Rockville, Maryland, Dec. 6 – All kids want to play. Kids with disabilities are no different. “Ian” is a short, animated film inspired by the real-life Ian, a boy with a disability determined to get to the playground despite his playmates bullying him. This film sets out to show that children with disabilities can and should be included.
“Ian” premiered for audiences around the world on YouTube and was broadcast in Latin America simultaneously on Disney Junior, Cartoon Network, Discovery Kids, Nickelodeon, PakaPaka and YouTube Kids Nov. 30, 2018.
“Ian” started as a mother’s mission to educate her son’s bullies on the playground—one to one. When she realized that the need for inclusion was bigger than one playground, she wrote a book and founded Fundación ian to change thousands of minds and attitudes about people with disabilities. She approached MundoLoco, a top digital animation studio in Latin America, about creating “Ian,” an animated film to deliver the message of inclusion to audiences all over the world.
A Universal Story
The film is wordless—a deliberate decision to make “Ian” inclusive of all people. “We worked hard to make it as simple and honest as we could, so it could be understood by a preschool child, yet an adult could discover other layers of the story,” said Gastón Gorali, who wrote the short.
The universality behind the idea for “Ian” spoke to Gorali immediately. “In that first meeting with [Ian’s mom], I felt the urge to do something about it. To get involved. Ian’s story was so honest, tough and yet full of hope,” he said. “The feeling of being alienated is common to all of us. There’s no need to have a disability to have experienced in our lives isolation and exclusion. To find ourselves fighting a force that pushes us away from whatever we want to be and do.”
“I can play and participate”
The real Ian is a fourth grader who, like most fourth graders, wants to play with his friends. But because some kids are not used to someone like Ian—someone who has cerebral palsy, uses a wheelchair, and a computer that works with his eye movements to communicate—they bully him and don’t include him when they play.
Ian wants the world to know that he and all the other kids like him can play, too, if others include them. “I can play and participate,” Ian said.
The film, to him, educates the children on the playground that he wants to play, and they can play with him. In animation, the film “Ian” shows that all children, disabled or not, are made of the same stuff.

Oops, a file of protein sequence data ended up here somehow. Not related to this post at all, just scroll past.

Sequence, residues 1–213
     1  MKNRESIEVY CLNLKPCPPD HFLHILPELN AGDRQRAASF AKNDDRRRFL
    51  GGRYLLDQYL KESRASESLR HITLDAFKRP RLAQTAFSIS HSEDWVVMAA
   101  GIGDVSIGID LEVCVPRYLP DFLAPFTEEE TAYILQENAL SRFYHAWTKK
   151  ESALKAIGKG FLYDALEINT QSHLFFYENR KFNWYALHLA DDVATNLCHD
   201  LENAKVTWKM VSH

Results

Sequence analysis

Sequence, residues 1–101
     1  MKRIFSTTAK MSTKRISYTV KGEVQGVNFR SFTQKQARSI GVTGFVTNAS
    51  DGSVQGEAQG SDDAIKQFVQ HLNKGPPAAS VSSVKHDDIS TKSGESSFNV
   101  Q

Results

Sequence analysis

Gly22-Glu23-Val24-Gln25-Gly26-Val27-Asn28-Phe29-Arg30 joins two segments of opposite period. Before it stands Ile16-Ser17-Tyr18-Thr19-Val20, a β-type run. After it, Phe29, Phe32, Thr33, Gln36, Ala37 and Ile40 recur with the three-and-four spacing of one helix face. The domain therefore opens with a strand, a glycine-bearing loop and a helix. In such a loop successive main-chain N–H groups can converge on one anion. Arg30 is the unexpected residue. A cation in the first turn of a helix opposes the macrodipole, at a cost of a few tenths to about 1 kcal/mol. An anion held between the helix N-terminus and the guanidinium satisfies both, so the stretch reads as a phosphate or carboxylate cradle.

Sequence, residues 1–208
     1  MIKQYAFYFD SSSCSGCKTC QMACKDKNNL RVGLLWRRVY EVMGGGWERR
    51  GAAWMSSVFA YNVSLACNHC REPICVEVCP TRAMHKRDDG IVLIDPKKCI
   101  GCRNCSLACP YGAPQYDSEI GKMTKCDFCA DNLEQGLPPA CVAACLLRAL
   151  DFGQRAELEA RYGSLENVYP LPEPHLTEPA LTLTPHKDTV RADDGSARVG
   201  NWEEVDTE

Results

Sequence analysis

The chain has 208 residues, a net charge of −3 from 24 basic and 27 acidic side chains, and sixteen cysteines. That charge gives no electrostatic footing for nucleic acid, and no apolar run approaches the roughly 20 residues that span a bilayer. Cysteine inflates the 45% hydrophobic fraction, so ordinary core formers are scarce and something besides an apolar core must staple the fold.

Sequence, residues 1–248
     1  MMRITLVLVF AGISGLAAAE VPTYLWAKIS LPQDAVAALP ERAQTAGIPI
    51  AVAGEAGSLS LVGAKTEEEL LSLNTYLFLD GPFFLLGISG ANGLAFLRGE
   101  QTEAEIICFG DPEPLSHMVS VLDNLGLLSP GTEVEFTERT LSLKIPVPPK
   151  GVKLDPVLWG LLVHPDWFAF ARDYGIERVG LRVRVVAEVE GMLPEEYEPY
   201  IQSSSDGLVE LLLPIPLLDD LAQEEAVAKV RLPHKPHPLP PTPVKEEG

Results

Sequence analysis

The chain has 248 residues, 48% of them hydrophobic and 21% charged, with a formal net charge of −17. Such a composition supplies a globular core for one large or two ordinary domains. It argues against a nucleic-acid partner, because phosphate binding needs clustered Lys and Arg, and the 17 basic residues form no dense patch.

Bigger than the Playground
When Ian’s mom, Sheila Graschinsky, saw how children who were not used to people with disabilities treated her son on the playground, she set to work to change their perceptions. She wrote a book called The Giftabout the daily life of a family that includes people with disabilities, which she handed out to children who bullied Ian, she told Variety. But handing out books on playgrounds would not have the wide impact she wanted.
For Graschinsky, the message of “Ian” extends far beyond swings and slides. The wordless plot of “Ian” is a boy struggling to achieve access to something he wants, something other children have readily available to them. People with disabilities regularly struggle for access to public spaces, jobs and social inclusion. The international attention the film is getting proves to Graschinsky that “a more inclusive world is possible.”
“The film is an opportunity for all society…to break down barriers, walls, and free us from prejudices,” Graschinsky said. The film was crafted to “guide [all children] to acquire concrete tools to be people of solidarity.”
“Ian” premiered at Cannes in May 2018. It was written by Gastón Gorali (Metegol/Underdogs), produced by Academy Award winner Juan José Campanella (The Secret in their Eyes) and Fundación ian, a nonprofit founded by Ian’s mom, whose mission is to make life better for families with disabilities. The mixed stop-motion and CGI animated film has won numerous awards internationally. “Ian” has also qualified for the Best Animated Short category in the 2019 Academy Awards.